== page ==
Growers warned EPA',s
controls might halt work
/ P -7
,The'cost and inflationary effect of Q l;^ '""' ,
government regulations on-water is /- 77 )
being studied by the National Envi- Florida
ronmental- Development Associ-
ation, Riley Miles, executive direct. Agriculture" .. :
tor of Florida Water Users Associ- Bob Bobroff
ation, told agribusiness -leaders 4._ B __
dealing with water problems. C.C -
Miles also said that if the Envi-, '
ronmental Protection Agency over-
"reacts in establishing water quality' -,/
standards, they could easily shut )
down some agricultural, operations i
and impede agricultural and indus-
trial land development. .,
"On a state level, Philip Parsons, a
Tallahassee attorney working on
water issues, said the-Department
of Environmental Regulation now is, c
drafting legislation to be presented
to the legislators for the next ses-
sion. Details of what the depart-
ment is seeking were not known.
He said the Corps of Engineers is
proposing a permit rule that would
require any project requiring a per-
mit to set aside 10 percent of the
wetlands involved for preservation.
The intent, he-said, is to.. preserve.
wildlife habitats, and he called the
proposal a bad precedent for the
land owner. .
The group of about 30 men were
also told the state planners believe
they need no additional legislative!
"authority to implement the water
section of the state comprehensive
plan. This position is causing con-
cern among the individual water:
management districts who have
been establishing their own plans,
tailored to the problems each has.
november 20, 1978
Memorandum Page Two
powers as the executive branch of government. This executive order has raised
legal questions as to the effectiveness of a SWUP or State Comprehensive Plan
in view of the fact that the 1978 Legislature has by Chapter 78-287, Laws of
Florida, stated that srccific policies of the State Cormprehensive Plan can
only be implemented through specific acts of the Legislature. However, DSP and
DER has argued that their present actions of adopting the SWUP are proper and
within the executive po,:wers of government. Also, DER has advocated that the
adoption of a SWUP would be of an advisory nature or as a technical document
and leaves the door open for the next Governor and his administration to make
Accordingly, my opinion is that DER intends to adopt a SWUP before 1979 and
await any legal attack or legislative action which will occur after the departure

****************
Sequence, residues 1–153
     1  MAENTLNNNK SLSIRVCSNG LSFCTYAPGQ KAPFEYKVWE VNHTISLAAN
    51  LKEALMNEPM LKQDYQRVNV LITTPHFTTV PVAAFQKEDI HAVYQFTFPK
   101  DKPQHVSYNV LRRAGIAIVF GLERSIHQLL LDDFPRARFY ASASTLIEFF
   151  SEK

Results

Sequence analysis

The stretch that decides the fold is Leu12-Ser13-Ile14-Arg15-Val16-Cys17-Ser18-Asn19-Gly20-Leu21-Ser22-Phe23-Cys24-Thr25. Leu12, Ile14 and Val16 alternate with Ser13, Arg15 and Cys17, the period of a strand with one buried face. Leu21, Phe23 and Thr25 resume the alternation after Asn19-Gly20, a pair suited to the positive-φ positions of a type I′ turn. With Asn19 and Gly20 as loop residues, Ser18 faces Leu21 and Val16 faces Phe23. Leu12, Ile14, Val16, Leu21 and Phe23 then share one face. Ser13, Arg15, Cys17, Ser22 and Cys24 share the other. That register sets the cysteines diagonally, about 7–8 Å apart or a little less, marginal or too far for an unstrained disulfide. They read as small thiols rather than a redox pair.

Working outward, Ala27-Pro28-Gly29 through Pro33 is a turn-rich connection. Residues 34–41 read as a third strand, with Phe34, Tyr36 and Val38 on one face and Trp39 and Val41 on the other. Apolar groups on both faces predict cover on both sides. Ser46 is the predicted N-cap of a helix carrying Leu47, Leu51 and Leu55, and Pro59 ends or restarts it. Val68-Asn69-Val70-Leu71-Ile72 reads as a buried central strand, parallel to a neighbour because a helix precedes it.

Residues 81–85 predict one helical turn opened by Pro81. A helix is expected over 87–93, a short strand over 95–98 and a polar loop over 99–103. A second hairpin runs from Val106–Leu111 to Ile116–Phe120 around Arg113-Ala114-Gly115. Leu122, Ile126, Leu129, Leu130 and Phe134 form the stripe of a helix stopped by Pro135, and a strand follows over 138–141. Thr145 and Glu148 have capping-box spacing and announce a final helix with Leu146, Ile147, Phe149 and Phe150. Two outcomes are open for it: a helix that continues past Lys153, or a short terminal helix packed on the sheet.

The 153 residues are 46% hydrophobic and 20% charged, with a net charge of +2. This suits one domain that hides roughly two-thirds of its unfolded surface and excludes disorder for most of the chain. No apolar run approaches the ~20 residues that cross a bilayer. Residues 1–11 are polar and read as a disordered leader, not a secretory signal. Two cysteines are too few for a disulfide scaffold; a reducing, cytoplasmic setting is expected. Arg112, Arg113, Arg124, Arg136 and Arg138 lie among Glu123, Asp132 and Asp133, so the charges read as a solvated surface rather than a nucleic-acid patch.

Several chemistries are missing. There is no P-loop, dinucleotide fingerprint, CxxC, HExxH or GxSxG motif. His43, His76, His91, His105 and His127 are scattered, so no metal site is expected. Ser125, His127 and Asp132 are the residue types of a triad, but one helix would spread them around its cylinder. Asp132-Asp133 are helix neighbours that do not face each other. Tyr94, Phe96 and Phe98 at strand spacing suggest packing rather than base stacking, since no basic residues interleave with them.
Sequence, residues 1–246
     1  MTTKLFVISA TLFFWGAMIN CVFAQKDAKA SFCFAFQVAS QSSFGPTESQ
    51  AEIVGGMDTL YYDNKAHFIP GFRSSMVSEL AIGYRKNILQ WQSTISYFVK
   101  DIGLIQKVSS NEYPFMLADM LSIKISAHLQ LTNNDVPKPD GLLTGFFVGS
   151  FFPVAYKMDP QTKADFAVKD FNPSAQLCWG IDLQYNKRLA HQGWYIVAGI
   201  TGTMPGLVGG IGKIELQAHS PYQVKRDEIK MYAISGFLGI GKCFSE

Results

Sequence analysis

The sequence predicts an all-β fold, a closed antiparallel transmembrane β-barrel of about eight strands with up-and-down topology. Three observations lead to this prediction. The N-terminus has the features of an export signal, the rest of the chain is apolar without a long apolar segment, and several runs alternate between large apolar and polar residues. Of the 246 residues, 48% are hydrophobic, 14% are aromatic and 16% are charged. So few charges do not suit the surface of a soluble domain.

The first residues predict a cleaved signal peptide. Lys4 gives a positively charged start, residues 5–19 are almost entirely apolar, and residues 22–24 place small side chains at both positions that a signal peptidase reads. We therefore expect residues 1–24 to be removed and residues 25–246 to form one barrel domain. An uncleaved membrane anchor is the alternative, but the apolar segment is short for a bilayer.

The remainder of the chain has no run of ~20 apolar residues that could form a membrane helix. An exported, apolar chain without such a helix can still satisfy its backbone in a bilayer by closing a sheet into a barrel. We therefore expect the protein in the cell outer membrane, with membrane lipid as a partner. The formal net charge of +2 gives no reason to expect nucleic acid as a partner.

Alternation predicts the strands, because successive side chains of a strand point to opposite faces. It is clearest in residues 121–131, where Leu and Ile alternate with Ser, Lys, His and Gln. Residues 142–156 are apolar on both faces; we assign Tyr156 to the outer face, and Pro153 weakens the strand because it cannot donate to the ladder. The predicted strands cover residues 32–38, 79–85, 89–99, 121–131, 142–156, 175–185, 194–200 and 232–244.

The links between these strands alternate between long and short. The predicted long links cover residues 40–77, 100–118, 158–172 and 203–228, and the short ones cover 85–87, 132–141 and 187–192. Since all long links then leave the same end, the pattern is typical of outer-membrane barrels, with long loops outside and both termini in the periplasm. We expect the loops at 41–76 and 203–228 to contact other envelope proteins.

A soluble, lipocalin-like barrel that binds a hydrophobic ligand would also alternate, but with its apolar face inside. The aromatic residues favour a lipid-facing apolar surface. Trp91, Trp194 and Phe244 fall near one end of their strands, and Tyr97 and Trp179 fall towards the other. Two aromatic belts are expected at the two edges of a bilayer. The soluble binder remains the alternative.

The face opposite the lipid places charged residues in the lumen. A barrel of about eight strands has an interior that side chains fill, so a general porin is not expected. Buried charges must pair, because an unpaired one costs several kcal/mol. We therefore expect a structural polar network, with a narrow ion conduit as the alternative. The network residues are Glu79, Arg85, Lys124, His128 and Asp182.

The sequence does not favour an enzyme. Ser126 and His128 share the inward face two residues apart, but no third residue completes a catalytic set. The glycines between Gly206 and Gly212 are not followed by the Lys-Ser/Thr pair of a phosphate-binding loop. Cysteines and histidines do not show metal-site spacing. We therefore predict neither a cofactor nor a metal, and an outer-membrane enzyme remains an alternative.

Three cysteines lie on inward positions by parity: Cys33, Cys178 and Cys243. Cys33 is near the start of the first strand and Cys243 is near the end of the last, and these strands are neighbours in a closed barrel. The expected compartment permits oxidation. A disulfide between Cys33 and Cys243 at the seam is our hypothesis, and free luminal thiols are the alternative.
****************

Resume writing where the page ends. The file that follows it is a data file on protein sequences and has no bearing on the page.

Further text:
of the present administration. If no one presents any legal attack, then submit
it as a part of the State Comprehensive Plan as the executive policy and if
acceptable, to the Legislature pursuant to the requirements of Chapter 23.013, F.S.
If it is not acceptable to the Legislature, then efforts would be exerted to have
it implemented as the executive branch of government's policy. However, this
latter course would appear to be in clear conflict with the statutory requirements
under Chapter 23.013, F.S., for implementing a State Comprehensive Plan.
November 20, 1978
TO: DONALD R. EASTER, Executive Director
FROM: JAY T. AHERN Staff Attorney
RE: DER HearTng on December 20, 1978 on State Water Use Plan
As requested by you, it is my legal opinion that Department of Environmental
Regulation (DER) intends to adopt a State Water Use Plan (SWUP) as an
advisory document after the scheduled hearing on December 20, 1978.
The whole procedure for adopting the SWUP by DER appears to be of a
pro forma nature. As you know Section 373.036(5), Florida Statutes,
provides for DER to give notice ninety days in advance of a hearing to
adopt a SWUP. This notice was given on September 15, 1978 of the hearing
on December 20, 1978. It is to be noted that the provisions on the procedure
for adoption of the SWUP are in conflict with the provisions of Chapter 120, F.S.,
on adoption of rules or policies by state agencies. The specific conflicts
are on the time for noticing of the intended action, normally at least
twenty-one days prior to the hearing, availability of the proposed rule
at the time of publication of a notice and a estimate of the economic impact
of the agency's proposed action and rule. Considering these requirements
from Chapter 120, F.S., DER has only complied with the noticing provision
which appeared on September 15, 1978 in the Florida Administrative Weekly.
All other Chapter 120, F.S., requirements have not been done. It would seem
then that DER is selecting from Chapters 373 and 120, F.S., those provisions
which will be met by it. The reason for this statement is based on the fact
the draft SWUP is not to be available until liovember 29, 1978 which is
twenty-one days prior to the December 20, 1978 hearing. This twenty-one day
period prior to the hearing for having the draft of the SWUP would allow DER
to be in compliance with the provisions and reouirements of Chapter 120, F.S.
It is my opinion that DER under Chapter 373.036(5), F.S., was required to give a
ninety day notice of the hearing which DER did, but was also required to have
available the Economic Impact Statement and the draft SWUP at this same time.
Thus, DER seems to be going through selected procedural steps or a pro forma
Taking DER's action at face value, it seems that DER intends to adopt a SWUP
pursuant to Chapter 373.036, F.S., and have it incorporated into the State
Comprehensive Plan being prepared under the control of the Division of State
Planning as contemplated under Chapter 23.013(2), F.S., as amended.
Both the STUUP and State Comprehensive Plan completions were accelerated at the
direction of Governor Askew's Executive Order 78-48 directing it be done during
his remaining administration and pursuant to and within his existing statutory